The Gossiping Gourmet: A winner in this Corner

Time after time, we find small strip-mall restaurants in Huntington Beach that are chef-owned and reasonably priced and offer a menu with their particular, inventive slant on whatever cuisine they prepare.

Our newest discovery, the Corner, has been around for about a year and a half. It is the offspring of Chef Chris Grodach, who earned his chops at such culinary meccas as the French Laundry and the Montage. In Chef Chris' own restaurant, featuring eclectic cuisine, everything from the ketchup to the garlic noodles is made from scratch.

The unpretentious décor is about to be changed in January. So far, this former Chinese restaurant has had a paint job and new upholstery. There is a separate bar/eating area and a room for large parties in addition to the main dining room.

They are proud of their signature cocktails like the Dirty Pickle, the Good Uncle and the Antioxidant Intoxicant. The latter has Ion Vodka, VeeV Acai Spirit, cucumber, basil and mint, served in a Mason jar.

The menu is divided into four sections: Start, Cold and Warm, Hot, and Not Entrées. The first three categories are small plates, and the Not Entrées are somewhat larger. For a mere $2, you can get one of four different potato or vegetable side dishes.

We chose an item from each category, beginning with crispy short rib tacos. Two small, shatteringly crunchy fried tacos were stuffed with well-seasoned, shredded beef, but the meat was rather dry and not at all spicy. Adding the accompanying mild salsa gave it some moisture but no heat. Lots of flavor was provided by the generous amount of finely grated, excellent white cheddar.

For something cold and refreshing, we ordered the shaved fall vegetables. This wild arugula salad was resting on top of a bed of thin shavings of crunchy fennel, parsnip, carrot and radish. This mélange was dressed with a light citrus vinaigrette and topped with creamy, crumbled goat cheese.

One of our favorite Asian dishes is garlic noodles. Chef Chris' take is a delicious riff on this popular Asian American offering. The measure of this dish is the quality of the noodles, and his house-made ones are superior. Distinct from the familiar skinny noodle that one usually encounters, these are wide and flat, like pappardelle. The tasty sauce is also unique in that in addition to butter, there is also cream, but not much garlic. Chef Chris rounds out the pasta with an Asian element — pieces of Chinese cabbage and a delightful Spanish one — rounds of salty, slightly spicy chorizo. Sprigs of cilantro added a final touch.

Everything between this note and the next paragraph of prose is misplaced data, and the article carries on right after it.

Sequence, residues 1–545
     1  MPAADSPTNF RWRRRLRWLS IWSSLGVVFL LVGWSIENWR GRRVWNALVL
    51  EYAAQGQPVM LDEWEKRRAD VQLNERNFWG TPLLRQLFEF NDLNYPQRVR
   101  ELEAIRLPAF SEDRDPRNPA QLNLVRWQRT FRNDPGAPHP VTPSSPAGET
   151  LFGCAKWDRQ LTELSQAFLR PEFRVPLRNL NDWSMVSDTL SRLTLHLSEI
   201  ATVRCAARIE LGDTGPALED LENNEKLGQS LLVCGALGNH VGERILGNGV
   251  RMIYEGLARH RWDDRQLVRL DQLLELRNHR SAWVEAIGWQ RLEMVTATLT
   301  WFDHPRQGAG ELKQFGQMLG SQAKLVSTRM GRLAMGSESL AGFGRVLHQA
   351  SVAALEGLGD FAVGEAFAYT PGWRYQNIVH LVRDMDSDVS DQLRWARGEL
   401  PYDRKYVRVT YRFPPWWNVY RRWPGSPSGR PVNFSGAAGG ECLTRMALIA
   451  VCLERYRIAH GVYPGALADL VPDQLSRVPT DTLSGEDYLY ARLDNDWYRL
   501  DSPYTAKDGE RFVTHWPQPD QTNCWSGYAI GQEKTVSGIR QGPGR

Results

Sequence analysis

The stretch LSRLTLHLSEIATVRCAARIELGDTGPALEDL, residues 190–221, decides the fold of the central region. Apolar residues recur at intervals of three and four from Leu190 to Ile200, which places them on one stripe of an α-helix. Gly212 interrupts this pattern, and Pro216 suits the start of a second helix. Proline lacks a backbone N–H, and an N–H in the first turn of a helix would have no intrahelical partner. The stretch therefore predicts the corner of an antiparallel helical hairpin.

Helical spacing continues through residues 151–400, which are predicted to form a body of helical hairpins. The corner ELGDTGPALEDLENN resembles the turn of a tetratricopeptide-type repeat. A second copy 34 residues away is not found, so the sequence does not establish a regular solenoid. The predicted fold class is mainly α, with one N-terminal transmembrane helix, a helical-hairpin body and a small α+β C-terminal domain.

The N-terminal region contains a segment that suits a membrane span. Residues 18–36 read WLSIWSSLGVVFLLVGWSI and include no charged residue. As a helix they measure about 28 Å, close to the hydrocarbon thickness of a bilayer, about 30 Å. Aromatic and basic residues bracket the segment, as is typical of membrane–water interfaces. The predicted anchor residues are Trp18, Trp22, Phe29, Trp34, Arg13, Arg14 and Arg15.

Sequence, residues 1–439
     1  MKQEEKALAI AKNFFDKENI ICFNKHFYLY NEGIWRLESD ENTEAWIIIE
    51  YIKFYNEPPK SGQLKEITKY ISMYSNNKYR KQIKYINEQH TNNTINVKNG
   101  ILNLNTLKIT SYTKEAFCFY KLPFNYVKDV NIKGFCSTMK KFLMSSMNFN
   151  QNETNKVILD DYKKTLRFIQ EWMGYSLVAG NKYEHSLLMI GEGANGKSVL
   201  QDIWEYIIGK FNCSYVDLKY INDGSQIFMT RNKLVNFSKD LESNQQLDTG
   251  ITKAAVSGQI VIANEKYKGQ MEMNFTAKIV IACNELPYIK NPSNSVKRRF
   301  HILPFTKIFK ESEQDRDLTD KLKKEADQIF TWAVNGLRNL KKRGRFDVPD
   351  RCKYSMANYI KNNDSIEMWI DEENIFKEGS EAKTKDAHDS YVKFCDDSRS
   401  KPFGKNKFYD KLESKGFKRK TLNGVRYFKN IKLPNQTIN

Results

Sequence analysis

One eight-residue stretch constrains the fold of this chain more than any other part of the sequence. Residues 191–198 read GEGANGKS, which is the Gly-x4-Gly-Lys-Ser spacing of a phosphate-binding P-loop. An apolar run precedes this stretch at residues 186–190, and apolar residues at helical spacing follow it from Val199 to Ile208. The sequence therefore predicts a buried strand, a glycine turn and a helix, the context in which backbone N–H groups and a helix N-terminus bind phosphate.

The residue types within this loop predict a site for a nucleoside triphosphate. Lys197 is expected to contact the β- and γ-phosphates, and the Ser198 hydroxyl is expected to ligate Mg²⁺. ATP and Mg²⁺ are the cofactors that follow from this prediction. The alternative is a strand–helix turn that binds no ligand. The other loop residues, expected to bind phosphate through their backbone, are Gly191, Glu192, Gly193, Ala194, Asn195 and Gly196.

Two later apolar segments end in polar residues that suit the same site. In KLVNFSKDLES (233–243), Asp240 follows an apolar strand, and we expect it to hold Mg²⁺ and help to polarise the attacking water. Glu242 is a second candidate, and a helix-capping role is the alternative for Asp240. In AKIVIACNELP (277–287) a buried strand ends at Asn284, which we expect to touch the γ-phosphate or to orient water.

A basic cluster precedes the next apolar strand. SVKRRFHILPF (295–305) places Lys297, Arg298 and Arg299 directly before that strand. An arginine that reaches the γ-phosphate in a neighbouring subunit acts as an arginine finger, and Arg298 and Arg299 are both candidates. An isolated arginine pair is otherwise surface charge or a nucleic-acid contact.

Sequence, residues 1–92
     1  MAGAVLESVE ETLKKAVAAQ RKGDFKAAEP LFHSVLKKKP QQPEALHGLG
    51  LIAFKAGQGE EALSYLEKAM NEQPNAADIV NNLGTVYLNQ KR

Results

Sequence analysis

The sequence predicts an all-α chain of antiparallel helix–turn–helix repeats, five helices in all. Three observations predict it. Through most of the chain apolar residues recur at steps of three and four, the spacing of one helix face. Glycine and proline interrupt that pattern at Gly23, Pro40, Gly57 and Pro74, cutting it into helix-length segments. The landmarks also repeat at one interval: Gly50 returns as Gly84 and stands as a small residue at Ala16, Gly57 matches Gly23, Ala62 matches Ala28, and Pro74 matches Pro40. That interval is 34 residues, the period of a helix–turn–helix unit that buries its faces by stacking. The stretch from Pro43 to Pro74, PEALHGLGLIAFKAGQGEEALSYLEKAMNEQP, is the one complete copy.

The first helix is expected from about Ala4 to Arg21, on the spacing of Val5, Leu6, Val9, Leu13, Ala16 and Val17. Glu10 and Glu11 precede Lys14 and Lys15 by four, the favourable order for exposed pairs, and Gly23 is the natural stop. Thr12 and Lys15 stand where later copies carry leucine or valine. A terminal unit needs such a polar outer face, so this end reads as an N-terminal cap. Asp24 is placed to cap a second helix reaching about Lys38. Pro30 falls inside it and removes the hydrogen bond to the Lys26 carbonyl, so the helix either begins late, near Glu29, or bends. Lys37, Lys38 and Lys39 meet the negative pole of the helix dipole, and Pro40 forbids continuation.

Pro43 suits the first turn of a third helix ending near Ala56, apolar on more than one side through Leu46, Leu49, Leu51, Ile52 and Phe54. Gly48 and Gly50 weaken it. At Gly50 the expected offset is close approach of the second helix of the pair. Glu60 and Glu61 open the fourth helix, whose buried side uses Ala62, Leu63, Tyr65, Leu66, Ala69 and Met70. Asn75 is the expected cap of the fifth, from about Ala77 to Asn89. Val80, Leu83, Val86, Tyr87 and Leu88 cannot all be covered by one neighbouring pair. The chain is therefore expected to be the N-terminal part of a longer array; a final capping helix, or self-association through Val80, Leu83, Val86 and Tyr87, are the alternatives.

From the Not Entrées category, we chose the Korean BBQ chicken with non-traditional accompaniments. In fact, the only aspect that seemed authentically Korean was the marinade and sauce on the chicken. It was presented with lettuce leaves, cucumbers, green pepper, radish and avocado slices for you to create your own wrap. The chicken, topped with black and white sesame seed, was juicy and full of flavor. We found that the cilantro lime dipping sauce was too acidic and didn't marry well with the other delicious elements.

For a side dish, we were eager to try their 48-hour fries. Mostly, we were curious about the 48-hour part. It turns out that they are soaked overnight, air-dried, frozen and finally deep-fried. The result is something quite different and irresistibly delicious. The inside of these potatoes had a light, airy texture, while the exterior was slightly thicker than usual and as crunchy as could be. Just wonderful. Less exciting but very tasty was the side of lemon basil zucchini.

Pear crumble with caramel sauce and house-made ice cream was a lot of pear and barely any crumble. We wished there had been more to give it some crunch. However, the caramel sauce was generous and really luscious, with deep caramel flavor, and it paired perfectly with the vanilla ice cream.

We look forward to tasting Chef Chris' future creations.

ELLE HARROW and TERRY MARKOWITZ were in the gourmet food and catering business for 20 years. They can be reached for comments or questions at

The Corner

Where: 8961 Adams, Huntington Beach

When: 3 to 10 p.m. Monday and Tuesday; noon to 10 p.m. Sunday, Wednesday and Thursday; noon to midnight Friday and Saturday


Small plates: $3 to $14

Not Entrées: $9 to $18

Desserts: $6 to $9


Glass: $6.50 to $15

Bottle: $21 to $49

Corkage: Free

Information: (714) 968-6800 or

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